Plaintiff alleged that APA breached the duty of good faith and fair dealing. But "Texas law does not impose a generalized contractual duty of good faith and fair dealing...." Hux v. Southern Methodist Univ., 819 F.3d 776, 781 (5th Cir. 2016). Plaintiff admits that he had no contractual relationship with APA. The Court finds that Plaintiff fails to state a claim for breach of the duty of good faith and fair dealing.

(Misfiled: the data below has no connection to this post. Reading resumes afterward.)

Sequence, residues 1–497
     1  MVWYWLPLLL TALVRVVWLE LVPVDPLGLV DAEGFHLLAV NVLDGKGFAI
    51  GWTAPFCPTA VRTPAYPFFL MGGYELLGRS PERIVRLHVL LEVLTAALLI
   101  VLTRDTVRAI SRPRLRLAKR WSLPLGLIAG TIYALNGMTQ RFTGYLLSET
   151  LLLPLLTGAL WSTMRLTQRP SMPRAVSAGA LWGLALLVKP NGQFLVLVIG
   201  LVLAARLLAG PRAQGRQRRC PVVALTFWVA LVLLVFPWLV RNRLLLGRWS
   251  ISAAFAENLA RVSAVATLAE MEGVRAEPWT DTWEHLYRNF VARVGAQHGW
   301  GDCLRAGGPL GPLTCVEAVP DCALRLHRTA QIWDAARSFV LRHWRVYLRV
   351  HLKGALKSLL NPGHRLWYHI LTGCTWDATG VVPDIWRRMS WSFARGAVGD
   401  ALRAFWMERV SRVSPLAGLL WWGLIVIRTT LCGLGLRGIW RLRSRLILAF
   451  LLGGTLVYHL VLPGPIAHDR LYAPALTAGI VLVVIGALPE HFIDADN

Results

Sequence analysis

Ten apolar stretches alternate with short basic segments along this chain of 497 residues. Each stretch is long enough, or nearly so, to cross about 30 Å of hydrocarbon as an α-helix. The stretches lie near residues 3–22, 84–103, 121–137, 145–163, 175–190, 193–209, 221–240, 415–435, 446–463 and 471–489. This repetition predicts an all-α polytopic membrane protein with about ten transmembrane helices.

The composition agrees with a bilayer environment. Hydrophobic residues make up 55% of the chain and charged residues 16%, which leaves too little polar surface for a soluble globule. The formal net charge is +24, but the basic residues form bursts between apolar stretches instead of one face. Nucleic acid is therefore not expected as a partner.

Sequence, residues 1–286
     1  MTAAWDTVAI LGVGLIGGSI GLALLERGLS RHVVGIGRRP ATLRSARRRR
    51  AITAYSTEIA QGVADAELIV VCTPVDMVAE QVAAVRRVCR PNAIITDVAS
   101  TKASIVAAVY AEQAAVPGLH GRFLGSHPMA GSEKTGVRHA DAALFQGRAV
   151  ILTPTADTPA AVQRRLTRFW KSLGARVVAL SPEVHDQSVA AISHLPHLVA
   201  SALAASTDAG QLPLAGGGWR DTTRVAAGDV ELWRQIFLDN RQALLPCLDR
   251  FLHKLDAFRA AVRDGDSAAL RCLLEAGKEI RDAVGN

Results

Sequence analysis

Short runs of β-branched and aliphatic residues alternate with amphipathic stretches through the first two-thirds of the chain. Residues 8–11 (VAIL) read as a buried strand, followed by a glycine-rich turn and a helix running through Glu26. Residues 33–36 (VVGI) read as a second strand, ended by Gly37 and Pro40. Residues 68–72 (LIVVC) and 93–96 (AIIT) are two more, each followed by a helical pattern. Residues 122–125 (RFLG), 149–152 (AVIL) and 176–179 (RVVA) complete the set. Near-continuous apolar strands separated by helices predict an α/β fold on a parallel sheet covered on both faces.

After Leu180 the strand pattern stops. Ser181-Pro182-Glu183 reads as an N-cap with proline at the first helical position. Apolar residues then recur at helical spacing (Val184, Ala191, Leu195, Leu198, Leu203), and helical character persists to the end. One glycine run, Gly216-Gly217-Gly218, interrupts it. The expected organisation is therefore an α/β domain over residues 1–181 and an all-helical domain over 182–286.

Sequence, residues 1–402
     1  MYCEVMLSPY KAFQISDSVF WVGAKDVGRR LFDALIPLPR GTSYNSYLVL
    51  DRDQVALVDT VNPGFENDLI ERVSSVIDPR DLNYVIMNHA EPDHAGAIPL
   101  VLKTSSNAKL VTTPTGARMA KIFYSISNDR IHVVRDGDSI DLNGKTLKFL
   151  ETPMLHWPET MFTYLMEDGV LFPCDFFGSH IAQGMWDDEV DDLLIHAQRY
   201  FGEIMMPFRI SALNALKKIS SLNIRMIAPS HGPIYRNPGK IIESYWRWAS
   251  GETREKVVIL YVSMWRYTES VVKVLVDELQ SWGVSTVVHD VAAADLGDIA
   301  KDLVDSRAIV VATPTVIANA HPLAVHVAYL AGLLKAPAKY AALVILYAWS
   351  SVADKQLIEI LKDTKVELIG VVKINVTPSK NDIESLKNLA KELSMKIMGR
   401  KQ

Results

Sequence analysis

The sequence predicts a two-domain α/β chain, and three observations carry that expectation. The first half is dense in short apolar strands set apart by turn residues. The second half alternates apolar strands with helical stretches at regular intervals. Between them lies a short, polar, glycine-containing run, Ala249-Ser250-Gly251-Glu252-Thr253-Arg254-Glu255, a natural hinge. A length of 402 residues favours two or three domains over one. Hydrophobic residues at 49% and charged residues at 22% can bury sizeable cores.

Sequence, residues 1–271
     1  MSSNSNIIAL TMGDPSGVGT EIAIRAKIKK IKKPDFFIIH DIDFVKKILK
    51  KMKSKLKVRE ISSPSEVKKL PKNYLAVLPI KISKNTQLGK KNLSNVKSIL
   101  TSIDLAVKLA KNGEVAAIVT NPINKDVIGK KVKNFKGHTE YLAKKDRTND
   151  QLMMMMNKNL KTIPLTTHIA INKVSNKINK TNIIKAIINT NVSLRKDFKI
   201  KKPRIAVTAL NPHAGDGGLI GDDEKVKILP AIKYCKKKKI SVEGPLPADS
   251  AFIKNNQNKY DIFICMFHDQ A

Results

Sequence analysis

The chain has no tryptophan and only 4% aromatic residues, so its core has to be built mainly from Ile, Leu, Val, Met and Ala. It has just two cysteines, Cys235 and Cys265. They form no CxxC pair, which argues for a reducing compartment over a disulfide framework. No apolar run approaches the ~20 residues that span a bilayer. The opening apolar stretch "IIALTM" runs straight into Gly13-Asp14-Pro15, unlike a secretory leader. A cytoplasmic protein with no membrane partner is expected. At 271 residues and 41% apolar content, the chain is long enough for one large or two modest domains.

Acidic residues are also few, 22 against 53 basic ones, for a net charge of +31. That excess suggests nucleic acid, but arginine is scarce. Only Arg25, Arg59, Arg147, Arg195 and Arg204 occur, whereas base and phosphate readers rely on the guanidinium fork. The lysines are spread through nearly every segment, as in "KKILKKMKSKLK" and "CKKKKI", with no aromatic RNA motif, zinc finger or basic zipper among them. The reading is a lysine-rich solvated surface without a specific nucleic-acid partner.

Plaintiff brings multiple tort claims. Those claims are governed by a two year statute of limitations. Tex. Civ. Prac. & Rem. Code Ann. § 16.003(a).[2] Pelletier's Amended Complaint reveals he advised Defendant Hickman that the flooring had water damage before July 10, 2014. Plaintiffs Original Complaint was filed on May 4, 2017, more than two years after the flooring was damaged. All of Plaintiff s negligence claims are barred by limitations unless the discovery rule alleged by Plaintiff applies. The discovery rule applies only when a defendant fraudulently conceals the plaintiffs injury, the nature of the injury is inherently undiscoverable, and may be objectively verified. Plaintiff had possession of the flooring and noted water damage in 2014. The facts pleaded in this case do not support an extension of limitations. For the foregoing reasons, the Court finds that Plaintiffs tort claims are barred by limitations.